Defensively, a step in the right direction
Maryland senior forward Landon Milbourne stood outside the visiting locker room of Greensboro Coliseum on Sunday afternoon and spoke about how liberating it felt to completely control a game from start to finish. The Terrapins had turned in solid performances previously this season, but not until Sunday's 97-63 win did they completely direct the tempo from start to finish.
"We were all in tune in the locker room, and everybody knew what our objectives was for tonight," Milbourne said. "You know, we wrote them down on the board and went out there and conquered them all, so it was real good that everybody was on the same page."
Granted, Maryland's opponent was UNC Greensboro, a Southern Conference squad that now stands 2-11, so it's not as if the Terrapins solved all their problems with one ultra-clean showing. But Maryland did take steps forward -- some more significant than others -- and in no area was that more apparent than in the defensive energy the Terrapins displayed from the opening tip.
After a slew of games in which Maryland's defense was slow to react and in some respects downright sloppy, the Terrapins came out with a fervor unseen in recent weeks. The players guarded their assigned men closer and called out to each other more forcefully.
"We did the most talking we ever did," junior guard Adrian Bowie said. "It was quiet, so it was a lot easier to hear. You know, we could hear each other talk, so it was a great defensive job."
Indeed, the listed attendance for Sunday's game was 3,297, and I can assure you there were far fewer seats actually filled. Regardless, Maryland's renewed defensive focus produced several results, most of which were encouraging.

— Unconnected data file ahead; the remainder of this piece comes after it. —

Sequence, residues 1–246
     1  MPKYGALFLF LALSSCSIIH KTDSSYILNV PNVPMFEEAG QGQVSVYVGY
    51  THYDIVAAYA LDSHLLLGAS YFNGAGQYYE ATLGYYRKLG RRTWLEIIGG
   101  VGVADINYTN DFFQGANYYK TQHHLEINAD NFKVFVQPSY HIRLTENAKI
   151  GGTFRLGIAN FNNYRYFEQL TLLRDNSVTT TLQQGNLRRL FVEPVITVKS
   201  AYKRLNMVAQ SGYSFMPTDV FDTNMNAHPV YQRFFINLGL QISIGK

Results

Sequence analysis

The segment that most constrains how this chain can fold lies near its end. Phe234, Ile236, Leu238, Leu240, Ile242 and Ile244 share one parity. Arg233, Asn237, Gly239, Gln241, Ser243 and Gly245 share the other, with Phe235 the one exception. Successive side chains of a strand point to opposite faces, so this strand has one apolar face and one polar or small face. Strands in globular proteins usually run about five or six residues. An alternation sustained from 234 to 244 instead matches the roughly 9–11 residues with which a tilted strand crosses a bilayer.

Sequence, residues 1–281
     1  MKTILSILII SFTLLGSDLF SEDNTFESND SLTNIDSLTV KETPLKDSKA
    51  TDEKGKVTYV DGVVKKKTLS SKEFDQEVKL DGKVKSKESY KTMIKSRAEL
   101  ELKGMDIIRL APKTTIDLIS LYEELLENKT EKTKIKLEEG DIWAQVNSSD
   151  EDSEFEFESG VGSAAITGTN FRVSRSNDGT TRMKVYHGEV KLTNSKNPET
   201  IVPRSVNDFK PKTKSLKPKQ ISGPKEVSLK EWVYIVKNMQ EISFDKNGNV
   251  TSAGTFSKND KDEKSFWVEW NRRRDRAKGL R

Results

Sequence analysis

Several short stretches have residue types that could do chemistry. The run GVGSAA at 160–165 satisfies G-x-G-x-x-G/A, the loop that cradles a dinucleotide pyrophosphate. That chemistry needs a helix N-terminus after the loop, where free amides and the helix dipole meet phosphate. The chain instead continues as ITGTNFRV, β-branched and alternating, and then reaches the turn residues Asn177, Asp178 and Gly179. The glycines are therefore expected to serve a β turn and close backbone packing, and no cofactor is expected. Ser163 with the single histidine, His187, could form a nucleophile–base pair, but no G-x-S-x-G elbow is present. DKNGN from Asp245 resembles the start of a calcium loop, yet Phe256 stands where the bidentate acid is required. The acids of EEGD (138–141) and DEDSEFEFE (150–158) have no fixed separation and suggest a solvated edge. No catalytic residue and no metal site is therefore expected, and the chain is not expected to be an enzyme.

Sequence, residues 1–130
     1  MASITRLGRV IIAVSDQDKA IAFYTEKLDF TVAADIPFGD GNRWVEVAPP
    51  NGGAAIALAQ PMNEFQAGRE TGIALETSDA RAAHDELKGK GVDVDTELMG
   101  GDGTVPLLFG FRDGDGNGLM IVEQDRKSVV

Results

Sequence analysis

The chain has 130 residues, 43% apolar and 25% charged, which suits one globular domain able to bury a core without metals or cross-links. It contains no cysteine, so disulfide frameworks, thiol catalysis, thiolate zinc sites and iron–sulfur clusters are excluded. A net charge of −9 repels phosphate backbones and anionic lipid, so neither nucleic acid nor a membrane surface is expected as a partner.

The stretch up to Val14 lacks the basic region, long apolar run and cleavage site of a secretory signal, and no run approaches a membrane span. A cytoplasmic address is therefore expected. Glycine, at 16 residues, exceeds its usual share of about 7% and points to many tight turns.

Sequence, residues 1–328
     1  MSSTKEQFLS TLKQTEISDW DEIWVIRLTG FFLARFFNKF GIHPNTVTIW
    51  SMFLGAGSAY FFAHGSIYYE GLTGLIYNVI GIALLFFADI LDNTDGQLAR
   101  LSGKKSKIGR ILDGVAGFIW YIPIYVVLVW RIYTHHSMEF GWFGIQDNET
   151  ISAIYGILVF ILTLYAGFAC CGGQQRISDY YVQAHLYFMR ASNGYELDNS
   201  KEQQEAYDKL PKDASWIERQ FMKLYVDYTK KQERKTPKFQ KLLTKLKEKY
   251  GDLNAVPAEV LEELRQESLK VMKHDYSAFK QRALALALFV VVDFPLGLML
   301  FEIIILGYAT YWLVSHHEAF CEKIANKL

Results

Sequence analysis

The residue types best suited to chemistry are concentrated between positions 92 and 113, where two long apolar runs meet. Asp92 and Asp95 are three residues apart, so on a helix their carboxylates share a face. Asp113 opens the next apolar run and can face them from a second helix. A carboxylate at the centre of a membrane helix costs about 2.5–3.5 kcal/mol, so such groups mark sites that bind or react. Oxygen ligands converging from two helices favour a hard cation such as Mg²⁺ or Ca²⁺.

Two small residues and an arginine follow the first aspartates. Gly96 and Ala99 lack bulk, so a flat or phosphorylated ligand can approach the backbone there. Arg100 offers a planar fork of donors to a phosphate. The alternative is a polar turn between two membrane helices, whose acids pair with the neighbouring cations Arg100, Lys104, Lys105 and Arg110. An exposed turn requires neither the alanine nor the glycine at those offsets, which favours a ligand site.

The Terrapins forced 16 turnovers, which led to numerous transition scoring opportunities. But forcing turnovers hasn't really been an issue for this team.
UNC Greensboro shot 27.5 percent from the field and 16.7 percent from three-point range on Sunday. Part of that can be attributed to the fact that the Spartans aren't the most accurate bunch to start with. But Maryland did hold UNC Greensboro under its season averages entering the game (38.9 percent from the field and 30.9 percent from three-point range).
The one downside to Maryland's defensive hyper-intensity was that it translated, in part, to sending the Spartans to the free throw line a few more times that Coach Gary Williams would like to see. UNC Greensboro made 11 of 11 attempts from the charity stripe in the first half and 11 of 16 in the second half.
Will the Terrapins' defensive progress carry into Sunday's ACC opener against Florida State? It had better, because the Seminoles offer one of the stingiest defenses in the conference themselves.
"We were urgent today," Williams said Sunday. "We really needed this win, obviously. But at the same time, I think we stuck with what we do. We felt before the game that if we did what we were supposed to do, we’d be okay. We’ve been struggling a little bit with that, just to stay with what we do. Today we did it, so I think that was a big factor. And for the players it’s good to see that it works. In other words, you need that positive reinforcement, which we definitely had today."
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